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Angels and Demons

Angels and Demons (for those who read the book)

Watching a movie based on a book is always tricky. Going in, you already seem to think that the movie will probably be not up to par with the book. A lot also depends on whether you read the book or not beforehand and try as you might, you cannot change the fact that you did read the book and know the story already.

So I will not pretend as if I did not know the story or that even though I did read the book, I can totally disregard it. I can't. So I won't.

Angels and Demons was one of the most highly anticipated movies for me this summer. Everybody thought that The DaVinci Code didn't turn out as good as they expected and thought that this one could be an improvement. Is it?

In a way, yes. Angels and Demons is the book prequel to TDVC. Robert Langdon (Tom Hanks) runs around the Vatican trying to catch the elusive group Illuminati who is out to destroy the Catholic Church. It is a much more exciting story, pace-wise, than TDVC and it is a little less preachy than its predecessor, which sometimes felt like an indoctrination to a cult.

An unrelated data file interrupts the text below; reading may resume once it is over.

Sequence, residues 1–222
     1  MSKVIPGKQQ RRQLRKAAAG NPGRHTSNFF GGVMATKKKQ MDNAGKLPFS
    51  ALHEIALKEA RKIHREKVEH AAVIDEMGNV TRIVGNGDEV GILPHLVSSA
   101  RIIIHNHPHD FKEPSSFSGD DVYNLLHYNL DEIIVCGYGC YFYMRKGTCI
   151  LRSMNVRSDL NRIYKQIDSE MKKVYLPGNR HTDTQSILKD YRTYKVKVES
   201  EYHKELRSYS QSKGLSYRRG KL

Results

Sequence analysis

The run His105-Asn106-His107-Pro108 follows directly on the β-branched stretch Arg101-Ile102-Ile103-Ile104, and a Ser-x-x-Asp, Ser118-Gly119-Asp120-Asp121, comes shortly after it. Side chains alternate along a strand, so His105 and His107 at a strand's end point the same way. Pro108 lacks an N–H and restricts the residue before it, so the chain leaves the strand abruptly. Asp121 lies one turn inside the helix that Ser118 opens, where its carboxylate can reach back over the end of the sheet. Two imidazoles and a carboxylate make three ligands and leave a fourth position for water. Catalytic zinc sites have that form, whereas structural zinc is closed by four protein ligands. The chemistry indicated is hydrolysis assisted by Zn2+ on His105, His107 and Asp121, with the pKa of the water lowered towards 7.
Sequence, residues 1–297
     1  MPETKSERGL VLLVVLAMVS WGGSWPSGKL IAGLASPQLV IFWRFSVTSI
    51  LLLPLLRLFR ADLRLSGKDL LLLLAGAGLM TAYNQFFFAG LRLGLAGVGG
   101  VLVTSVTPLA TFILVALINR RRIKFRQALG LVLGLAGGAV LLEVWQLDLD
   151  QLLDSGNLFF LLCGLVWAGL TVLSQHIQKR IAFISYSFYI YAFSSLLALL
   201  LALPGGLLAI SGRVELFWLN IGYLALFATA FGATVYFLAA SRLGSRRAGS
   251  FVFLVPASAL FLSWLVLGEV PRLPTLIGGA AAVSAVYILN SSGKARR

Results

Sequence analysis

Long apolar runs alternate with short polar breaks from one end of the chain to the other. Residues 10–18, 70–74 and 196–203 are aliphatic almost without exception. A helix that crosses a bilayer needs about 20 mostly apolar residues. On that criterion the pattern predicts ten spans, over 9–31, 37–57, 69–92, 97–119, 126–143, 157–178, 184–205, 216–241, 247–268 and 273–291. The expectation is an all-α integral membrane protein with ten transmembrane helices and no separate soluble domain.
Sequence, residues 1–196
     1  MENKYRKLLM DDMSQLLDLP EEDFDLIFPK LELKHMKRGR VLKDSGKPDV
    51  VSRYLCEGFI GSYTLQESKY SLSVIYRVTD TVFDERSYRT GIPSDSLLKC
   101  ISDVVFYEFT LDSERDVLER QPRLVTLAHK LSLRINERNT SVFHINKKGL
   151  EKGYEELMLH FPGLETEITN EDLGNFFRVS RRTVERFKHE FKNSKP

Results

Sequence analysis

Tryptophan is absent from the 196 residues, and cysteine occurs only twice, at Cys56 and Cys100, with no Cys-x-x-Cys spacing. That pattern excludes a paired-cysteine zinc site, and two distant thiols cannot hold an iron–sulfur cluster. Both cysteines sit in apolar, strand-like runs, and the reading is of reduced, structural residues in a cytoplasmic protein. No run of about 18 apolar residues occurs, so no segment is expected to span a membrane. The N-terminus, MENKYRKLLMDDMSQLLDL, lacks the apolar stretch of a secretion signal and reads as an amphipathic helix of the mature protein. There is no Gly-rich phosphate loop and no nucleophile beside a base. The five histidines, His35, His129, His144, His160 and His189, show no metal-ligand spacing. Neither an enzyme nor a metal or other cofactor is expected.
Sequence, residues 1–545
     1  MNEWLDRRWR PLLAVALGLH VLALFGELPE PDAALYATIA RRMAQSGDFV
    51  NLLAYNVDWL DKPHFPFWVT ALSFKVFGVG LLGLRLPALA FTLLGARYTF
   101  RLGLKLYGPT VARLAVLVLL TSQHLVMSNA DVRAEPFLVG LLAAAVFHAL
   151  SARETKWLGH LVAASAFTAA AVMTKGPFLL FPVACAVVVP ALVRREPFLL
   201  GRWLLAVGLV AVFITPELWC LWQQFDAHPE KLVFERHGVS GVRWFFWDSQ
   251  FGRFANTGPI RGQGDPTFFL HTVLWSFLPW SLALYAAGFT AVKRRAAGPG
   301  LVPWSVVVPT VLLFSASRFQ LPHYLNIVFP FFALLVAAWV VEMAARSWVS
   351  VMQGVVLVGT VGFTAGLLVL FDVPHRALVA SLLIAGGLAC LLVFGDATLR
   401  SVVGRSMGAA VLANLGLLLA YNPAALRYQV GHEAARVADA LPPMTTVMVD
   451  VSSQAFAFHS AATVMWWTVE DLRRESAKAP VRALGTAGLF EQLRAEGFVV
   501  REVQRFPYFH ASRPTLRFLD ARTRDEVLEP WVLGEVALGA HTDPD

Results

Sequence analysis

Acting remains excellent, especially by Ewan McGregor who played the Camerlengo. (By the way, Ewan McGregor and Paul Bettany could have exchanged roles in the two movies and it still would've worked). Stellan Skarsgård on the other hand acts as if he is a Tony award-winning actor stuck in a children's school play. I'm sure that's exactly how he felt.

Ayelet Zurer nails the part of a hottie smart girl which is really quite difficult if you look at all the failed examples in Hollywood (Denise Richards in that James Bond flick, Elisabeth Shue in The Saint). Hanks is always believable because he plays within range every time and never fails in a performance.

So was it good? Yes.

Did I like it? As a guy who read the book and was blown away by the key plot near the end?


Like I said, translating a book into a movie is tricky. Understandably, there will be some elements that will be lost as things just may not fit the time constraints of a movie. For example, Tom Bombadil (if I'm right) completely got written off in Lord of the Rings. Was it okay? Yes, because he did not figure in prominently in the story. Characters can be lost if they are minor ones. Plots however should not be. Especially if it's the key plot of the entire story and it is what elevates the story beyond a regular suspense thriller.

That plot left out in the movie blew me away in the book. It was great, it was painful, it was jarring. I loved it. It was the part that I loved the most in the story and since they left it out of the movie, I now hate the latter.

Is it still a good movie? Yes. Just don't read the book before. Or after.

Six out of ten stars.


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